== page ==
Famous Chemists In History: Joseph Priestley (1733-1804)
Few concepts 'have laid firmer hold upon the mind,' he wrote, than that air 'is a simple elementary substance, indestructible and unalterable.'
Joseph Priestley may not seem like a familiar name off the bat, but his contributions to science are monumental. Credited with the discovery of oxygen in 1774, Priestley found that 'air is not an elementary substance, but a composition,' or mixture, of gases.' He found a colorless and highly reactive gas which he deemed 'dephlogisticated air,' or as it was dubbed later, oxygen.
His most famous experiment was conducted on August 1, 1774. He used a glass 'burning lens' to focus sunlight on a lump of reddish mercuric oxide contained an inverted glass, and placed in a pool of mercury. He found that the gas emitted was 'five or six times as good as common air.' Successive testing found that it caused a flame to burn intensely, and 'kept a mouse alive about four times as long as a similar quantity of air.'
Through his experiments, Joseph Priestley was able to answer one of the many questions that had boggled scientists at the time: How and why do things burn?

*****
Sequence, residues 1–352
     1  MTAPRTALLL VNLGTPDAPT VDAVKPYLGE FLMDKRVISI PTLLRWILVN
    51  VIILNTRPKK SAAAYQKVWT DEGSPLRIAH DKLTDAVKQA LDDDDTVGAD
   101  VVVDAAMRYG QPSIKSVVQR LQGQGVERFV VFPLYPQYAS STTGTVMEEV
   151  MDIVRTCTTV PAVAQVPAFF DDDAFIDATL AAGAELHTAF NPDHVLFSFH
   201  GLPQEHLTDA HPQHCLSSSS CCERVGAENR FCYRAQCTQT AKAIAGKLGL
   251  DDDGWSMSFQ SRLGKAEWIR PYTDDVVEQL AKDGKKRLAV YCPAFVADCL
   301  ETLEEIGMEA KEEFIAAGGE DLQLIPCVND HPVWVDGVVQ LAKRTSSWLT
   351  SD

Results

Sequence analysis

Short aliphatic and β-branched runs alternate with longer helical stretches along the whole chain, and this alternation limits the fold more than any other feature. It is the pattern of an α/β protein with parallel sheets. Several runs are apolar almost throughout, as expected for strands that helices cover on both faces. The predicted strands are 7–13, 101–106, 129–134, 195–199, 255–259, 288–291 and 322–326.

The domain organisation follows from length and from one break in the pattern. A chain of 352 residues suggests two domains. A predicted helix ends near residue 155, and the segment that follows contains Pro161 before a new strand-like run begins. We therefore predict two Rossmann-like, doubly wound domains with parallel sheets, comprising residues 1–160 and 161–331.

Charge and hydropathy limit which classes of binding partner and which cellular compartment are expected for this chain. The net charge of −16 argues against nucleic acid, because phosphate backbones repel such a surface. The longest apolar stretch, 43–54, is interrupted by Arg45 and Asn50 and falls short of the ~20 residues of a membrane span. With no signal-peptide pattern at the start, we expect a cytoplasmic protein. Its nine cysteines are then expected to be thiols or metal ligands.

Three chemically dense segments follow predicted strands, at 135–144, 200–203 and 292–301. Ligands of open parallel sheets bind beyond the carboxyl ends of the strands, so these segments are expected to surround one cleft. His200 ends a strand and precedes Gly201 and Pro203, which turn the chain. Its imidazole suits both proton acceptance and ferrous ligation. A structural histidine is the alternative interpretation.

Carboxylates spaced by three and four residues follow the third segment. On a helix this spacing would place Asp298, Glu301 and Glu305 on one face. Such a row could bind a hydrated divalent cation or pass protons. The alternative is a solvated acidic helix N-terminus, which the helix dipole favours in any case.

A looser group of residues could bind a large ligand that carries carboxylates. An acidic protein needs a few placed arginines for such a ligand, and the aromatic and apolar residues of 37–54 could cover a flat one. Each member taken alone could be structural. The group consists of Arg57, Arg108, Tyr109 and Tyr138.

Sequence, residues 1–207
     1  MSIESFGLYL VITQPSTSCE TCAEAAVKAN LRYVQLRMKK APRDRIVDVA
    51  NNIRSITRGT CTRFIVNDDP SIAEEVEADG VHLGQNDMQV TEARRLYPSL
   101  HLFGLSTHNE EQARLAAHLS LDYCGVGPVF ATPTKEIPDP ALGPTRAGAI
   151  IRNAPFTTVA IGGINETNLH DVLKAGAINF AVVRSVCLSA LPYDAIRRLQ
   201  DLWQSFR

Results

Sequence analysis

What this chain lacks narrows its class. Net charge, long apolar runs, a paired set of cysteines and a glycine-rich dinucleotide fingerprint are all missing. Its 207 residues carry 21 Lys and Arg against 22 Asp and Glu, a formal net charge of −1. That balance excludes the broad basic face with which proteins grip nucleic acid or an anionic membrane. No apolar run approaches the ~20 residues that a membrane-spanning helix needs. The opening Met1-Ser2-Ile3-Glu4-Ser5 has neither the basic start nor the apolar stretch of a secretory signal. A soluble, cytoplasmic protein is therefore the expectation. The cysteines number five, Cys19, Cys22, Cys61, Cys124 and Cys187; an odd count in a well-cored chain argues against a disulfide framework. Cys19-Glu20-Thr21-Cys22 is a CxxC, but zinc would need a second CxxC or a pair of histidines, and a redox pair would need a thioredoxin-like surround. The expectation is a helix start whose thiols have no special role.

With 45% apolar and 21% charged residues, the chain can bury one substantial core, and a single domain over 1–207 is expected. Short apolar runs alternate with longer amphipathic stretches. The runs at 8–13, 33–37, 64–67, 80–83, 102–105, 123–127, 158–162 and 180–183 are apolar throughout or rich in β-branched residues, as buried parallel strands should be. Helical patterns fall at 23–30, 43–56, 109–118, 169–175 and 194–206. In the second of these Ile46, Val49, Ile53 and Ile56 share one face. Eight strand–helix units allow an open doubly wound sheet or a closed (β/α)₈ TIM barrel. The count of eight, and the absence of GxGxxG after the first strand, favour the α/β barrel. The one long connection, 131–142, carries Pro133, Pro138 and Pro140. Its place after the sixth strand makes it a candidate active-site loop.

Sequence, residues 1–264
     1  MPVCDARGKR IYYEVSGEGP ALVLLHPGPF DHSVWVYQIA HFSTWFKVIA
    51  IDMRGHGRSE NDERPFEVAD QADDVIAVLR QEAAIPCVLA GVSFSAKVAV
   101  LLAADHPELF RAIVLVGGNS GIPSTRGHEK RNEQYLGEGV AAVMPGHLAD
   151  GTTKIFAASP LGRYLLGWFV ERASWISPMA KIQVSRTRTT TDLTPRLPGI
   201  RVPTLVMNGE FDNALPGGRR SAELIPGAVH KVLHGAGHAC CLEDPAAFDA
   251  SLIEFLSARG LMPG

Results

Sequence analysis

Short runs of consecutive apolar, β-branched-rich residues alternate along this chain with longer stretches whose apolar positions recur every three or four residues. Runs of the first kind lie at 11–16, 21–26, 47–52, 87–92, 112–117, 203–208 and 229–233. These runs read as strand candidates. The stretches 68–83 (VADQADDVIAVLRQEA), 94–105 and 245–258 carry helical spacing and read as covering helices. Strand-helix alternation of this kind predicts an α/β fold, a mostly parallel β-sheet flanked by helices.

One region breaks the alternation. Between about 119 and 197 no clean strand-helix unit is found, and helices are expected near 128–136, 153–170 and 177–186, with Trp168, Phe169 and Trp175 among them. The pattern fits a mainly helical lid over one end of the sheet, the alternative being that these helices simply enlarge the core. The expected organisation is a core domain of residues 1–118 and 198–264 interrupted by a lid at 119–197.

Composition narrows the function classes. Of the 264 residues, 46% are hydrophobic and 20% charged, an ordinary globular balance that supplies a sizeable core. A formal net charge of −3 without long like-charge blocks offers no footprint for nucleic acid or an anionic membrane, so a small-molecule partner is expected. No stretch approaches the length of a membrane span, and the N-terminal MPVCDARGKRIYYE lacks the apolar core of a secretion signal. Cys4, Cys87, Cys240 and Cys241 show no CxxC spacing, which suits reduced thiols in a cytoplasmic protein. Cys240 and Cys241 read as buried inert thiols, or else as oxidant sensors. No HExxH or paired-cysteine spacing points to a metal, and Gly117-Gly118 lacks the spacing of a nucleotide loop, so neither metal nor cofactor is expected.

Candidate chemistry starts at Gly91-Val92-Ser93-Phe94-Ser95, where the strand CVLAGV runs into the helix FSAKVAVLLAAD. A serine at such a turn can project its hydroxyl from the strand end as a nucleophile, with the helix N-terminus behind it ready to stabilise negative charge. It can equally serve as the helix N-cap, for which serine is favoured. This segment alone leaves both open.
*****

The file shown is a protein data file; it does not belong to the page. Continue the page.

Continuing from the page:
Although his most famous discovery was oxygen, Joseph Priestley is famed for many other discovers. He isolated and characterized eight other gases. These included ammonia, sulphur dioxide, nitrous oxide and nitrogen dioxide. Priestly was also the creator behind carbonated water. He dubbed it 'mephetic julep' and hoped that it would be of use for sailors undertaking long voyages to prevent scurvy.
He also invented the rubber eraser, and wrote an important paper early on about electricity which was encouraged by his friend, Benjamin Franklin.
A deep lover of politics, and known for being a Liberal political theorist, he also wrote heavily on these topics. In fact, his unorthodox writings, coupled with his ardent support for the American and French revolutions meant he was shunned by many his countrymen and was forced to flee England.
In 1794, he settled in Pennsylvania to continue his research. Although he was offered a position at University of Pennsylvania, founded by his friend Benjamin Franklin, Priestley refused. Instead he chose to live in Northumberland, Pennsylvania and continue his research. Although he never became an American citizen, he was close friends with both Thomas Jefferson and John Adams. Thomas Jefferson expressed that he saw Priestley as 'one of the few lives precious to mankind.'
Joseph Priestley continued his scientific work while settled in Pennsylvania, with his wife and son until his death in 1804.